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My First Posthumous Release

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Album Review

Lovers of indie blues, Americana rock and folk were no doubt happy to realize that the rumors of the "death" of this super witty Chicago based singer/songwriter were greatly exaggerated. That hasn't kept him from calling his brilliantly eclectic fifth album My First Posthumous Release or teasing us with wry, hard to resist tunes with whimsical titles like "I'm Gonna Miss Me When I'm Gone" and "The Miracle of Pain," while offering a sense of "Soft Core Hope." Much too cool to be launched yet into the great beyond, the collection's 13 tracks — which feature the powerful backing of his longtime band the Transcendos — bloom with Rose's stream of metaphor lyrics connecting many disjointed artifacts of life. A consummate and prolific live performer since his days as a songwriter, guitarist, flutist, and harmony vocalist for the rock band Buffalo Trout, Rose always puts on a wild yet cool spontaneous show — whether he's solo, with a full band, or some configuration in between. Think of the way a surprisingly loud crackly fire manages to give off a warm, steady glow — you get a little of both with him. His songs are all unique musical snapshots of a life fully lived, and here, they flow like wild, wicked poetry from track to track. Rose digs in with some heartfelt acoustic blues on "Going Down the Mississippi," which (ta da!) rhymes with the title of "I'm Gonna Miss Me When I'm Gone," the tongue in cheek, playfully mournful tune that follows the ironic title track that in turn pokes fun of the way our culture makes celebrities out of the dead. But in Rose's hands, it's clever, not morbid. Once he's "gone," he muses that "All the Trains Are Gone," a song about each train going by and the way we make excuses to stay on the platform and watch life pass us by. "Train" rhymes with "pain," as in the next tune, "The Miracle of Pain," a dark rumination about not feeling anything despite hurting so much. Rose's lyrical wit and wisdom and infinitely catchy melodies continue to be a true treasure that makes indie music making in the late 2000s so inspiring.

Customer Reviews

Surprising, witty, dark Americana.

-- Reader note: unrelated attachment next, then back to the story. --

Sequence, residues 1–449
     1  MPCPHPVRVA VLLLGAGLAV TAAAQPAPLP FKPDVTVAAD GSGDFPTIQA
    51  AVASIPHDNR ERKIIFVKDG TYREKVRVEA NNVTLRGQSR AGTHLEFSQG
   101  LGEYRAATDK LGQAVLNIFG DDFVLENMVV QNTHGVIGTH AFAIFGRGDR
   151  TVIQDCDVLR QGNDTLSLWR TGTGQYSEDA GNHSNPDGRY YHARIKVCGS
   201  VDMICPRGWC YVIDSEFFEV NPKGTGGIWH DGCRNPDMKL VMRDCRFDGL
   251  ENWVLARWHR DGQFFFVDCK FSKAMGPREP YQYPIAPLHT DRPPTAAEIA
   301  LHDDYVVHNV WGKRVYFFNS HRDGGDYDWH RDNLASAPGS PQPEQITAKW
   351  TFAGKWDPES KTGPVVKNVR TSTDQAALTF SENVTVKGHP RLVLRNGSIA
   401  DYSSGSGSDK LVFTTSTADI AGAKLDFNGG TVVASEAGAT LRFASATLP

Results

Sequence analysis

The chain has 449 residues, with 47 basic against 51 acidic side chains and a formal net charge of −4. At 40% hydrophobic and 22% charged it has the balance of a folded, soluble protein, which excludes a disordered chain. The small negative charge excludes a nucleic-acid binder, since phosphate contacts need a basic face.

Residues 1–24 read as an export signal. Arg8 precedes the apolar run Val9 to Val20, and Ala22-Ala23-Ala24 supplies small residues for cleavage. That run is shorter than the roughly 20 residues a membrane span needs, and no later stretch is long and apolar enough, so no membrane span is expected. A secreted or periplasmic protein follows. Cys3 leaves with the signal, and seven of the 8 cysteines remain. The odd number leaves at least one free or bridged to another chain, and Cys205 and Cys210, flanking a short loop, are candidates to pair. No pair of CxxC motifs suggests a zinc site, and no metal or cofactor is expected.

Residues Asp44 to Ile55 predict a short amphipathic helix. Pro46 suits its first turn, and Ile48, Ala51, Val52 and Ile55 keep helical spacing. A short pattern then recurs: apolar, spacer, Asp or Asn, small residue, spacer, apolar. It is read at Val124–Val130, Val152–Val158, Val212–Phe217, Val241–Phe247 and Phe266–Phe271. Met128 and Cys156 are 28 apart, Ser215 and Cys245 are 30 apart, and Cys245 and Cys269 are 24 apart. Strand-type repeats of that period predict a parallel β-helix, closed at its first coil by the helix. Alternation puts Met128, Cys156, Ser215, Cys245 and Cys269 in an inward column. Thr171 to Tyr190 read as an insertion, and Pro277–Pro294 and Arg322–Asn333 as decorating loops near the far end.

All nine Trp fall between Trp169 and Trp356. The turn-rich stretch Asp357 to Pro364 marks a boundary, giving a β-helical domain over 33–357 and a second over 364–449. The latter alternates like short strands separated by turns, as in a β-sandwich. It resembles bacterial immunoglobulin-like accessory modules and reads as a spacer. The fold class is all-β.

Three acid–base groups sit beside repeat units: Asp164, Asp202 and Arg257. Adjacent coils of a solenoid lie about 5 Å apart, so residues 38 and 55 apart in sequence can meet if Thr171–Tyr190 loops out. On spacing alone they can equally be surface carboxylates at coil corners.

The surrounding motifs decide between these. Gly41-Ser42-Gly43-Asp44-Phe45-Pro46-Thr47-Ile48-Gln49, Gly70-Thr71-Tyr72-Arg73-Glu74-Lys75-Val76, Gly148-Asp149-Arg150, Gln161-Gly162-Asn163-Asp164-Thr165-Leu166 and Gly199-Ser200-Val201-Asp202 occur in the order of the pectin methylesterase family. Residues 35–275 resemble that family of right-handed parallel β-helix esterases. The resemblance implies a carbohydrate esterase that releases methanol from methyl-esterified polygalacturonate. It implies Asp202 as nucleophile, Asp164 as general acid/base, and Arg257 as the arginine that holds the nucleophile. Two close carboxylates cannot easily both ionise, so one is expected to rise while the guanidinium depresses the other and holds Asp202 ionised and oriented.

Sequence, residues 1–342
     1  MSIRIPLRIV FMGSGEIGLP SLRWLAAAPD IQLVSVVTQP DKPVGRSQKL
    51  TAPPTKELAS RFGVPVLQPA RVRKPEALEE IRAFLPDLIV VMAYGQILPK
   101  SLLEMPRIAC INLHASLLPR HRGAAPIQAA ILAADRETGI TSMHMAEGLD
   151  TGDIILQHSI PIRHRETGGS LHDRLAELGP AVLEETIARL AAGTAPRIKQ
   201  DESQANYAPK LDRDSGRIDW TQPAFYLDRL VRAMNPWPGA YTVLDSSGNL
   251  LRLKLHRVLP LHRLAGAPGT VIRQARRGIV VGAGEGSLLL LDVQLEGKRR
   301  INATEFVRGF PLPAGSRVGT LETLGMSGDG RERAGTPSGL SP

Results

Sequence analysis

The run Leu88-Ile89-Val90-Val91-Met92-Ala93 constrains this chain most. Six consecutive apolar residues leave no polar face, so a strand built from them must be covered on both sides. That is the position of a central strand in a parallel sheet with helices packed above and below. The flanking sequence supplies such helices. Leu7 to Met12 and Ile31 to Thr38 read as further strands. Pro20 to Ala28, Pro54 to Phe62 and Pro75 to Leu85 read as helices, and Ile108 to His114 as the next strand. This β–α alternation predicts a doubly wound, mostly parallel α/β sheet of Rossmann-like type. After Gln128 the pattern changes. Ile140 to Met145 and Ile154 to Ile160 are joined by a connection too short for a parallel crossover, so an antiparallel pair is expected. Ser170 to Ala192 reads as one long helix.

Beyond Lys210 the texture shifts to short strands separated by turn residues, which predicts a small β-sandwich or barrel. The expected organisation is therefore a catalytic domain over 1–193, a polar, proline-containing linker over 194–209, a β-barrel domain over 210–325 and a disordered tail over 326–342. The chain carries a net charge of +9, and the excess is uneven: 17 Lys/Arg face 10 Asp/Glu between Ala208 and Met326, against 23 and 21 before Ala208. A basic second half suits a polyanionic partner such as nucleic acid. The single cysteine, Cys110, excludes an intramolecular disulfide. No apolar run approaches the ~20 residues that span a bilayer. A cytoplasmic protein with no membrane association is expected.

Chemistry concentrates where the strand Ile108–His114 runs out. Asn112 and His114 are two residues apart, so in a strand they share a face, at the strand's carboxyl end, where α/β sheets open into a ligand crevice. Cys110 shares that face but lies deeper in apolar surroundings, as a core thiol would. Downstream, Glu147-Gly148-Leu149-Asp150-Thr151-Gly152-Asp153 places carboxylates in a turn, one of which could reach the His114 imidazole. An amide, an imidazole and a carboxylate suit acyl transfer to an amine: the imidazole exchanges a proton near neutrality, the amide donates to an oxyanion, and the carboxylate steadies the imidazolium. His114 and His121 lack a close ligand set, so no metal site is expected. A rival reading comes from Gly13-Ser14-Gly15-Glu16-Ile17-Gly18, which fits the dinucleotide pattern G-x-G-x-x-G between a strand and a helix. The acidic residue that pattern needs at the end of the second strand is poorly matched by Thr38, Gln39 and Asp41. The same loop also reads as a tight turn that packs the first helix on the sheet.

Al Rose's cleverness and deftness with lyrics continues to shine on this, his fifth album. More firmly rooted in Americana than previous records, musical surprises still abound from an unexpected vibes solo to the perfect use of strings on the wonderfully satirical title cut. Rose is a master at making us laugh at the dark but can also tug at the tender emotions. As always, the musicianship is stellar featuring his band The Transcendos (including guitarist Steve Doyle, drummer Sarah Allen and bassist Steve Hashimoto) and contributors such as cellist Alison Chesley (formerly of Verbow), gypsy violinist Steve Gibons, avant-garde trombonist Jeb Bishop, ex-Coctail Mark Greenberg, mandolin master Don Stiernberg, plus a saw player and a tap dancer. This is Al Rose's most consistent record to date.

I like it

Its a nice thing to listen to


Genre: Rock

Years Active: '90s, '00s

The release of Al Rose's third album, Pigeon's Throat, came in December 1999. This followed his critically acclaimed second album, Naked in a Trailer, and his debut release, Information Overload. The musicians used in these projects include the Transcendos and guests such as violinist Steve Gibons, mandolinist Stuart Rosenberg, cellist Diana Parmeter, and the occasional Transcendos organist, Carter Luke. Most listeners and critics have had a difficult time adequately describing Al Rose's music, which...
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My First Posthumous Release, Al Rose
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